FAYETTEVILLE - If the Arkansas Razorbacks don’t harbor a revenge motive for their next game, then it seems they never will for any game.
The LSU Tigers, 12-9 overall, 3-6 in the SEC, that Arkansas, 15-7, 4-5, faces at 2:30 p.m. today on the SEC Network at LSU’s Maravich Center in Baton Rouge, La. are the only team this basketball season at Arkansas’ Walton Arena to defeat the Razorbacks.
The Tigers didn’t just defeat Arkansas. They rubbed the Razorbacks’ nose in it start to finish of a 75-54 shocker sending an initially Hog calling full house home in silence.
“They played awfully well,” Arkansas Coach Mike Anderson recalled. “And we just played so bad. And that’s got to be the first thing on our guys’ minds. I thought we were flat. That’s the bottom line.”
Statistically, the bottom line still favors Arkansas, 4-2 since losing Jan. 10 at home to LSU while first-year LSU Coach Will Wade’s Tigers have fallen, 1-5 since winning at Walton.
However LSU’s win Jan. 23 in Baton Rouge was significant. A 77-65 triumph over those same Texas A&M Aggies that defeated Arkansas, 80-66 last Tuesday night at A&M’s Reed Arena in College Station, Texas.
Obviously the Razorbacks’ traditional comforts of home court advantage at Walton couldn’t prevent LSU freshman point guard Tremont Waters flowing through Arkansas’ defense like a strategic stream. Waters dished eight official assists and who knows how many “hockey assists” the not officially tabulated assisting pass to the official assister that Anderson says actually usually comprises the most pivotal pass.
Normally a prolific scorer averaging a team-leading 14.8 points, Waters only scored eight points at Walton but was so deadly with his other aspects, including five rebounds, that the Hogs might have wished he would have shot just a little better so that he wouldn’t have penetrated and passed so much.
Waters’ flow led to a big night for LSU’s senior big men. Aaron Epps, 6-10, double-downed on the Hogs with 13 points and 11 rebounds while Duop Reath, 6-10, scored 11 points with six boards and blocked two shots. LSU guards Skylar Mays and Randy Onwuasor, 12 points each, also benefitted from the table that Waters set.
What must his Hogs do to prevent a repeat in this rematch?
“We've got to do a better job of being in place,” Anderson said. “I thought our defensive help side was not every good at that point and time. Hopefully that's something we've addressed where we've gotten better at it. Knowing that the penetration is going to come, we've got to build a wall and make them kick it out to those shooters and be in position where contest those shots and rebound the basketball.”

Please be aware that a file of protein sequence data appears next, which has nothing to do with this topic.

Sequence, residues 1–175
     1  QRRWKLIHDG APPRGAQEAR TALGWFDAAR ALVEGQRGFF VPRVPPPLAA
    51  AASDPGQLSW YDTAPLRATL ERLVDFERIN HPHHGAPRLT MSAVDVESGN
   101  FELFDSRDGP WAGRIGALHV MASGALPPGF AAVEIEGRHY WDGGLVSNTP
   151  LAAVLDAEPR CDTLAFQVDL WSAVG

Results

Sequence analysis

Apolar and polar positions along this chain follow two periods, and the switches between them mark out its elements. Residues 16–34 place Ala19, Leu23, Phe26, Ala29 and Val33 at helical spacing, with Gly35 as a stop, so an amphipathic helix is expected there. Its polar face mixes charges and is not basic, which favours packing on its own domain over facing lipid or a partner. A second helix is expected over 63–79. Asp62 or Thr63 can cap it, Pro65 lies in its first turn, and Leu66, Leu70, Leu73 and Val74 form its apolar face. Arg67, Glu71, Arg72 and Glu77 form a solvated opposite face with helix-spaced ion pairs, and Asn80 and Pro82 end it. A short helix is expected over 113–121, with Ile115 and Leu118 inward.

Offensively, the Hogs were anemic against LSU. Only senior guard Jaylen Barford, a game-leading 17 points, scored double-digits against LSU at Walton. The Hogs shot just 19 of 57 from the field and 12 of 20 from the free throw line.
Arkansas senior guard Daryl Macon only hit 2 of 7 shots and scored nine against LSU. However for his last five games, four off the bench including his last three, Macon has scored 20, 13, 25, 22 and 20 points.
Barford scored 19 at A&M and freshman guard Darious Hall, starting since Macon comes off the bench, scored 13 with a perfect 6 for 6 from the field and hitting his only free throw.
Initially breaking into the lineup for his defense, Hall, a 6-6 alum of Little Rock Mills, has developed into an all-round player improving in every phase.
“He can do multiple things. He's athletic. He can rebound (a team-leading seven against Texas A&M) block shots. He does a great job of playing without the basketball.
I think he's progressed pretty nicely. He continues to get better, and that's what we expect.”
Anderson certainly expects his big men, 6-11 freshman Daniel Gafford, and seniors Trey Thompson, Dustin Thomas and Arlando Cook, swapping time as keys in Arkansas’ 15 victories, to improve on their below par Tuesday night in College Station if the Hogs today are to win their second true road game for this season.
“We have to have all of our players on deck,” Anderson said. “And that means our forwards have really got to start stepping up.”